"*" indicates required fields

How Can We Help
This field is for validation purposes and should be left unchanged.
This site is protected by reCAPTCHA and the Google Privacy 
Policy and Terms of Service apply.

What They Say About Us

Our Lawyers Have Received Over 500 Google Reviews

Sriram Devanathan

im is a great attorney who always has his human side “ON”. The clients come first to him. When approached for time sensitive issues, he was readily available and was prompt. I have had to reach out to him for myself & have recommended him to others. He always welcomed everyone and gave patient hearing. And he would not mind recommending other attorneys’ if he feels that they would better serve that particular case. Even if it means one less client for him. That sums up who Jim is. Thank you Jim!

Justin Charboneau

Jim and his team are extremely knowledgeable individuals. It is great to have someone like this on your side. I have and will continue to recommend Hacking Law Practice, LLC to anyone who needs legal advice on immigration issues.

Bouchra Aanouz

This firm was amazing helping me with my husband’s case. Jim and his team were very responsive to all my questions and concerns. i wish I had consulted them earlier as my husband’s case was stuck in Administrative Processing for over a year and a half. Two months after I gave my case to Jim, my husband was granted his visa. Would definitely recommend them and already have recommended them to my friends.

As seen in

Got Questions? We’ve Got Answers

The attorneys at the Hacking Immigration Law are dedicated to helping the foreign-born people of St. Louis to live and work in the United States. This dedication is reflected in the kind and grateful words of the clients they have helped. Read what others have to say about the hard work that the Hacking Immigration Law has done to help those in St. Louis.

Does paying for premium processing on an H1B case mean I will find out sooner if our case was selected in the lottery?

Premium processing is an add-on service that USCIS offers for a variety of immigration cases, primarily in the employment-based visa categories.Premium processing costs an additional $1225 in USCIS filing fees.
READ MORE

What is the H-1B visa lottery and how does it work?

In 2014, USCIS received more than 172,000 H-1B visa applications on the April 1st deadline, exceeding Congress’s cap by 87,000 applications.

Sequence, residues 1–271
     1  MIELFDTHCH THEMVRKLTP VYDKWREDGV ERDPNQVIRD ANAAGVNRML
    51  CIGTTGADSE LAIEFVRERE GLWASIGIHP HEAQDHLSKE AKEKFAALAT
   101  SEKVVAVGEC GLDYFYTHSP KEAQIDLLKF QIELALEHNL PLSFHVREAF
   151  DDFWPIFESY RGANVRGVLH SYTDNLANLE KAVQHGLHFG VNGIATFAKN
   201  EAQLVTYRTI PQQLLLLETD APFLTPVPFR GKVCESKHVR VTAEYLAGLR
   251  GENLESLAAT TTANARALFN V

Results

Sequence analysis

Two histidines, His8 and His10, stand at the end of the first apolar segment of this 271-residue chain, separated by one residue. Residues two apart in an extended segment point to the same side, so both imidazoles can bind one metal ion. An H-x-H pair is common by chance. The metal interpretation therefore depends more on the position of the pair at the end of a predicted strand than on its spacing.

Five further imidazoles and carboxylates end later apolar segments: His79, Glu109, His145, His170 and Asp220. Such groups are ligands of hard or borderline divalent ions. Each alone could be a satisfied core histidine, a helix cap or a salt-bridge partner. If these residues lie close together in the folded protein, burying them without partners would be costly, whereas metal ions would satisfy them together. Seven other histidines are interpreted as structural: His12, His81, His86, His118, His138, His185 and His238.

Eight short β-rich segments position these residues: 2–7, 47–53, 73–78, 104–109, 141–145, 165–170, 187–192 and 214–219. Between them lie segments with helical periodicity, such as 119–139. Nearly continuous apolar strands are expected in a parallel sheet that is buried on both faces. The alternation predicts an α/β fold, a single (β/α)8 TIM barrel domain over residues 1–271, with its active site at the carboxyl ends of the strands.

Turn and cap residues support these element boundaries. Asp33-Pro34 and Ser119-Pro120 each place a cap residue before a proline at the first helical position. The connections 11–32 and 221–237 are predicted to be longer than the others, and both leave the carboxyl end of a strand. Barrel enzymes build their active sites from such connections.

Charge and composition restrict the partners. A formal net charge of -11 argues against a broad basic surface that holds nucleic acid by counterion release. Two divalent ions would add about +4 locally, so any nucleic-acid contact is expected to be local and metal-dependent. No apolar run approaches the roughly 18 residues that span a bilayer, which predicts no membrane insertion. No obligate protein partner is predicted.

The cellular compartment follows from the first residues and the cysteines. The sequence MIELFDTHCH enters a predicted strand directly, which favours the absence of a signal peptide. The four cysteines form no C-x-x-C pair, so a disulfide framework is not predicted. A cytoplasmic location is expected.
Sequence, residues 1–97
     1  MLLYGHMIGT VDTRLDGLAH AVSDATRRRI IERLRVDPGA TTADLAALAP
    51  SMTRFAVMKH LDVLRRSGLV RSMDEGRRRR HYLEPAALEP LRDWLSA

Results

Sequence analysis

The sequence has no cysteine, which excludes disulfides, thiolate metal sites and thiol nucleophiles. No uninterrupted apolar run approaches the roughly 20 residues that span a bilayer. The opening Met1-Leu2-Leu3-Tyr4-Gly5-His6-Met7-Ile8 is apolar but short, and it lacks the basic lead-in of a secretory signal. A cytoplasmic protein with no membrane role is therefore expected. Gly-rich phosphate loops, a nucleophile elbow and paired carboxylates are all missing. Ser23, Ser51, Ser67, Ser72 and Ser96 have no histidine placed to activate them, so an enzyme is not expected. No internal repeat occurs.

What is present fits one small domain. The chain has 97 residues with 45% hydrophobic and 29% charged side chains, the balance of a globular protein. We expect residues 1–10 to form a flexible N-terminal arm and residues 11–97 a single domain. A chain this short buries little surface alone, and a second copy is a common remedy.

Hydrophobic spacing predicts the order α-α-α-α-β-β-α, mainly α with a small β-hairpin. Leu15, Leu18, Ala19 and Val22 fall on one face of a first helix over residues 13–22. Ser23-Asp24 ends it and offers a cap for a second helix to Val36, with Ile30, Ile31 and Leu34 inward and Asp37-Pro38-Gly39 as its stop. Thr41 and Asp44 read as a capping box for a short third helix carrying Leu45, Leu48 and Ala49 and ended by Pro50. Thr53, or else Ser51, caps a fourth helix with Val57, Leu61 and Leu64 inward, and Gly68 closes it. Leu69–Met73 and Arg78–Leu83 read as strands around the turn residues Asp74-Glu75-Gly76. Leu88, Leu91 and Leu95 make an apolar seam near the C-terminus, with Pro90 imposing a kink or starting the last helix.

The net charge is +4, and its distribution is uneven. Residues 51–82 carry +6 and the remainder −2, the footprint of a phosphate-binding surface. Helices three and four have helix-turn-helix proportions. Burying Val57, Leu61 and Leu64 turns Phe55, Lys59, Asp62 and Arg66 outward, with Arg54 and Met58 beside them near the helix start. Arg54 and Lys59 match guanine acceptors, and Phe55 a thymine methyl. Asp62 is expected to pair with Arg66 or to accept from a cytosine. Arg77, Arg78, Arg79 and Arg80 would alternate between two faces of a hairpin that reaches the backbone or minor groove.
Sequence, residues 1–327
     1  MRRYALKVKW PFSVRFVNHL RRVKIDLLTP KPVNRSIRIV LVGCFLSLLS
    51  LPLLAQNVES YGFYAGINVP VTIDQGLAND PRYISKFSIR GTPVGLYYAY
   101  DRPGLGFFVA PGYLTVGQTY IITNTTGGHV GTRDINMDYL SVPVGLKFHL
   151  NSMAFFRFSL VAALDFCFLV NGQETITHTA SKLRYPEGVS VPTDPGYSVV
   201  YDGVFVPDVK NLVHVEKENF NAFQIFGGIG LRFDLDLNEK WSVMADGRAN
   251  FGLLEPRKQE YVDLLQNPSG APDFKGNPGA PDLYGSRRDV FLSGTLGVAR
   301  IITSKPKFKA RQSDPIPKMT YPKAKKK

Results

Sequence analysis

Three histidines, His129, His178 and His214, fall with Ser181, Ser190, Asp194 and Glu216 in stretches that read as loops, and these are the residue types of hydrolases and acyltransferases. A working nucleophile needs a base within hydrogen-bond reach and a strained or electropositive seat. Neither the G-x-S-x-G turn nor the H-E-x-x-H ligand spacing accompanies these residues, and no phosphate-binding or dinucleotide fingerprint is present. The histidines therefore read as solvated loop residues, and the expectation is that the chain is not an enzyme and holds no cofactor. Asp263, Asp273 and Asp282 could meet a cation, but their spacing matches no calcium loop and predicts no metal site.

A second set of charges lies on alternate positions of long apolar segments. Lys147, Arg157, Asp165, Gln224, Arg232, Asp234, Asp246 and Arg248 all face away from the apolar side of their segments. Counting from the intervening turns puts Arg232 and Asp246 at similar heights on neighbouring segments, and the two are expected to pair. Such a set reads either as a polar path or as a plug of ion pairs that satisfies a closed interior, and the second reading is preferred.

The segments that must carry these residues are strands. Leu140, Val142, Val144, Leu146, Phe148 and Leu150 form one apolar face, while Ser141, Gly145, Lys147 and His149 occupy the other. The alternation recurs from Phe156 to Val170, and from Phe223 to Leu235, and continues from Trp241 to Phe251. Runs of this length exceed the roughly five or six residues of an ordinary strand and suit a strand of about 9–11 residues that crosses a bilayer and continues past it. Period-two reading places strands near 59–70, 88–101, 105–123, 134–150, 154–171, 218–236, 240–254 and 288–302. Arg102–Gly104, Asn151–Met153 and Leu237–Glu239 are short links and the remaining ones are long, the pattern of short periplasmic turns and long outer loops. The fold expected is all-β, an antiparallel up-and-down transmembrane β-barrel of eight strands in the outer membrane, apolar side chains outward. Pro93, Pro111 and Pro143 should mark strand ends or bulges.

READ MORE

May an unmarried son or daughter of a lawful permanent resident keep their F2B classification after their sponsoring parent naturalizes?

The immigration laws treat the adult, unmarried children of citizens differently than the adult, unmarried children of lawful permanent residents.
READ MORE

What is the "newspaper of general circulation" for PERM job postings?

The Department of Labor requires employers to advertise positions that they intend to submit a PERM application on to publish the job position in the local newspaper of general circulation.
READ MORE

Can I Apply for Citizenship if I Lost My Green Card or It Expired?

In the past, USCIS and some immigration attorneys believed that you could not become a naturalized citizen if you did not have a valid green card (LPR) card to bring with you to your naturalization interview.
READ MORE

Is there such a thing as expedited removal of an immigrant and, if so, what is it?

Most people believe that removal orders or “deportation” orders only happen when you go to the immigration court and see an immigration judge. Unfortunately, this is not the case.
READ MORE

Does testing positive for HIV make someone inadmissible to the United States?

On January 4, 2010, the United States officially removed Human Immunodeficiency Virus (HIV) infection from the list of “communicable diseases of public health significance” that make an individual ineligible for admission to the United States.
READ MORE

Are there any special visas for translators who assisted US forces in Afghanistan or Iraq?

Under United States immigration law, there are two Special Immigrant Visas available for Iraqi citizens or nationals who have worked for the United States.
READ MORE